Lawyers' Committee Supreme Court Cases
The Lawyers' Committee is leading the charge on important cases before the Supreme Court in the areas of voting rights, employment and fair lending. With all the gains our nation has made over the past several decades, now is no time to lose our focus on the struggle for racial equality.
On March 18, 2009, the Lawyers' Committee, along with other civil rights organizations, filed a major brief before the U.S. Supreme Court defending the constitutionality of Section 5 of the Voting Rights Act of 1965. The brief was filed on behalf of the Texas State Conference of the NAACP and the Austin Branch of the NAACP to defend the voting rights of racial and language minorities and drafted in partnership with pro bono counsel from the Washington office of the law firm of WilmerHale. Click here for more information, including relevant documents.
The case of Ricci v. DeStefano was argued before the court on April 22, 2009. In this case, the city of New Haven, Connecticut declined to certify the results of a firefighter promotion test based on evidence that the test discriminated on the basis of race. The city sought to explore less discriminatory alternatives, in keeping with its obligations under Title VII of the Civil Rights Act of 1964. Nevertheless, this case has become a "cause celebre" of the right and has been repeatedly misrepresented in the media as a "reverse discrimination" case where innocent white firefighters were denied promotions because of their race. Click here for more information, including relevant documents.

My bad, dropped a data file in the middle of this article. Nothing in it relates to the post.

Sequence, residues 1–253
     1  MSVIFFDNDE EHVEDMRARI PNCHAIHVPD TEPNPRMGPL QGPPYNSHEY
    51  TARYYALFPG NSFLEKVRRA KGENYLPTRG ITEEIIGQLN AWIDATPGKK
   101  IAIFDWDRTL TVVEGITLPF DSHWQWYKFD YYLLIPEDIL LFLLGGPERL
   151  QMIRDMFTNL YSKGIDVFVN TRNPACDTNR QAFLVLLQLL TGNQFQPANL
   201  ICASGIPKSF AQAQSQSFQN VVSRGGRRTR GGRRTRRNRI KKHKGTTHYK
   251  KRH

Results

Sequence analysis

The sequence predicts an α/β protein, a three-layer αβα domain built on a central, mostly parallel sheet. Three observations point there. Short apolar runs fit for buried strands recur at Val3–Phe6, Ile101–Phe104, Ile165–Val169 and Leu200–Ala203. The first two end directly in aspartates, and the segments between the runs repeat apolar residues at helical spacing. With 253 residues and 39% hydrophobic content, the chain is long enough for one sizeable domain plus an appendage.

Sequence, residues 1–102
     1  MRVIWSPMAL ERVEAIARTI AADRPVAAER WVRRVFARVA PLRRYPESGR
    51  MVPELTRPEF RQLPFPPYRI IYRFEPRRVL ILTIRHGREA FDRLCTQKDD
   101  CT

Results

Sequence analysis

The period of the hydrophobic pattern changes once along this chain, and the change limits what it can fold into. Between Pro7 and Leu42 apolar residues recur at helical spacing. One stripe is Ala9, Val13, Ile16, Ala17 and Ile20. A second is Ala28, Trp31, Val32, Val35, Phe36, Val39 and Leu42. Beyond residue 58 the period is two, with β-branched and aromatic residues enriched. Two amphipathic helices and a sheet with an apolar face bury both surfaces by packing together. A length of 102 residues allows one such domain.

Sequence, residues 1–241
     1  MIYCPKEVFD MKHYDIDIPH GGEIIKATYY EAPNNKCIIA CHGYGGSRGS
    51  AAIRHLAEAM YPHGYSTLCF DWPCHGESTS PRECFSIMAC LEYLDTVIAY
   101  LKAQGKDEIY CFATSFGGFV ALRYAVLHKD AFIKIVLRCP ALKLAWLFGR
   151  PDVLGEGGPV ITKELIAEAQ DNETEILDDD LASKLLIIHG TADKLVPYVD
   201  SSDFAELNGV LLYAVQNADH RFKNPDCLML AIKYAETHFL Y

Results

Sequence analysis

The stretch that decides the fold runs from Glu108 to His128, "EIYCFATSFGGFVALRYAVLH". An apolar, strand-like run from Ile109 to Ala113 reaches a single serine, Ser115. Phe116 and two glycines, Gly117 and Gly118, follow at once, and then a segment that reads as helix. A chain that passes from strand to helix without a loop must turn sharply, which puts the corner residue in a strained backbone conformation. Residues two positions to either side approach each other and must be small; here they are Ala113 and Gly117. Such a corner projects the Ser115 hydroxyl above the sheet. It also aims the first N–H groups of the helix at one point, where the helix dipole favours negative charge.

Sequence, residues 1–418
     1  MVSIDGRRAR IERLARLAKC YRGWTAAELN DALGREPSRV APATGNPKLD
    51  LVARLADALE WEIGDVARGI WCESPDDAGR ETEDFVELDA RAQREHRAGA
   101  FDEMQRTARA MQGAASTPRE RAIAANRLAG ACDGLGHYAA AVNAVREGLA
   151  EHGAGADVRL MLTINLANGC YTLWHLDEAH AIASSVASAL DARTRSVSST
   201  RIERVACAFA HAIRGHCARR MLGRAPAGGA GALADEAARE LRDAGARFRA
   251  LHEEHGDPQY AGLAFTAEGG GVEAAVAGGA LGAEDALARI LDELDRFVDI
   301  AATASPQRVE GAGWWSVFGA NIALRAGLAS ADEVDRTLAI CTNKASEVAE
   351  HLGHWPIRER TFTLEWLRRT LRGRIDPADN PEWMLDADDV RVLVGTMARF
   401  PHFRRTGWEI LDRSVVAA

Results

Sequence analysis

The Lawyers' Committee and two other national civil rights organizations, the National Fair Housing Alliance and the NAACP Legal Defense and Educational Fund, Inc., filed an amicus curiae, "friend of the court," brief in the Supreme Court of the United States in the case of Cuomo v. The Clearing House Association, L.L.C. The brief supports the New York Attorney General's continued efforts to enforce state fair lending laws against national banks and asks the Supreme Court to reverse the Second Circuit Court of Appeals' ruling halting such enforcement. This case questions if New York and other states should investigate racial and ethnic disparities in the mortgage rates charged by national banks, or if only the federal Office of the Comptroller of the Currency have that power. A holdover from the anti-civil rights regime of the Bush Administration, this case is still proceeding under the new Administration. Click here for more information, including relevant documents.